The Curzon HS2 Masterplan is the latest in a series of major projects that are remaking Birmingham’s city centre. The £600m transformation of New Street Station will be completed next year and ambitious plans for Paradise Circus at the heart of the city will be realised in 2015.

A huge investment in the city’s Metro tram system is set to bring trams back to the centre of Birmingham for the first time in 60 years, revolutionising the way people get around the city.

Eastside City Park was the first new city centre park in Birmingham for more than 130 years when it opened right next to Curzon Street in December 2012, and the critically acclaimed Library of Birmingham opened last year as a centre of learning and a major tourist attraction.

Sir Albert Bore, Leader of Birmingham Council said: “Today we set out our vision for how Birmingham can use HS2 as a catalyst to transform a huge part of our city, bringing with it jobs and prosperity for people in the West Midlands. We’re not waiting around for HS2 to get built before we get started. We’re announcing our plans today, and we’re ready to start building as soon as the new railway gets the green light. Up and down the length of HS2 there is huge potential for major regeneration and development and we must press forward with this project without delay.”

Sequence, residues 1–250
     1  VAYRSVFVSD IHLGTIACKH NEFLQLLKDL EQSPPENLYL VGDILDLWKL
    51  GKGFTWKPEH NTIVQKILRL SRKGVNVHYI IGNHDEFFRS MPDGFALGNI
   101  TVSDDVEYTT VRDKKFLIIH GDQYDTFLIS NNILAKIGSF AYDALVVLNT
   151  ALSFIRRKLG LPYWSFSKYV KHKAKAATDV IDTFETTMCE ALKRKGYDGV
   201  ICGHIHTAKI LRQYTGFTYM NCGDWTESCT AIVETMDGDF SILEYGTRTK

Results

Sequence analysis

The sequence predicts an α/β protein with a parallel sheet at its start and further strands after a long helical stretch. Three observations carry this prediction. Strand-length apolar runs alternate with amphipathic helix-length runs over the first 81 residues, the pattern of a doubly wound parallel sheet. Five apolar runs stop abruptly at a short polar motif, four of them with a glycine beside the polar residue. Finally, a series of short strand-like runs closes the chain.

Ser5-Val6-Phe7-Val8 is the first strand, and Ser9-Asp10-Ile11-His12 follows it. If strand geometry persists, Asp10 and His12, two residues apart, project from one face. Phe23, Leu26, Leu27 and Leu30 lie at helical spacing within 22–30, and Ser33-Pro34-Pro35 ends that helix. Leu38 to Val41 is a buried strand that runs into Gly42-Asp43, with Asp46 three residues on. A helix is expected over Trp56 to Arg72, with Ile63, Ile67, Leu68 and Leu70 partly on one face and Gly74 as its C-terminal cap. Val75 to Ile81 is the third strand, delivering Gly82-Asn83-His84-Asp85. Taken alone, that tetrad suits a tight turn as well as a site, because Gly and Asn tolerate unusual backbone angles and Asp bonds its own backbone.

Paternoster Place

Birmingham Curzon station will be Birmingham’s HS2 hub, linking phase one of the project, from London to Birmingham, and phase two from Birmingham to Leeds and Manchester. HS2 will boost the Midlands economy by £4.1bn each year by providing extra capacity, better connections to London and the north and creating more than 51,000 jobs.

Waheed Nazir, director for planning and regeneration at Birmingham City Council said: “The Masterplan sets out the city council’s aspirations for the new HS2 terminus station and the huge regeneration potential that surrounds it. The potential of HS2 can only be realised if we build a world class station that seamlessly connects people to the rest of the city centre. The masterplan is part of Birmingham’s ambitious growth agenda that will see the city’s economy grow and prosper. HS2 will be an important catalyst for this ongoing development and regeneration activity.”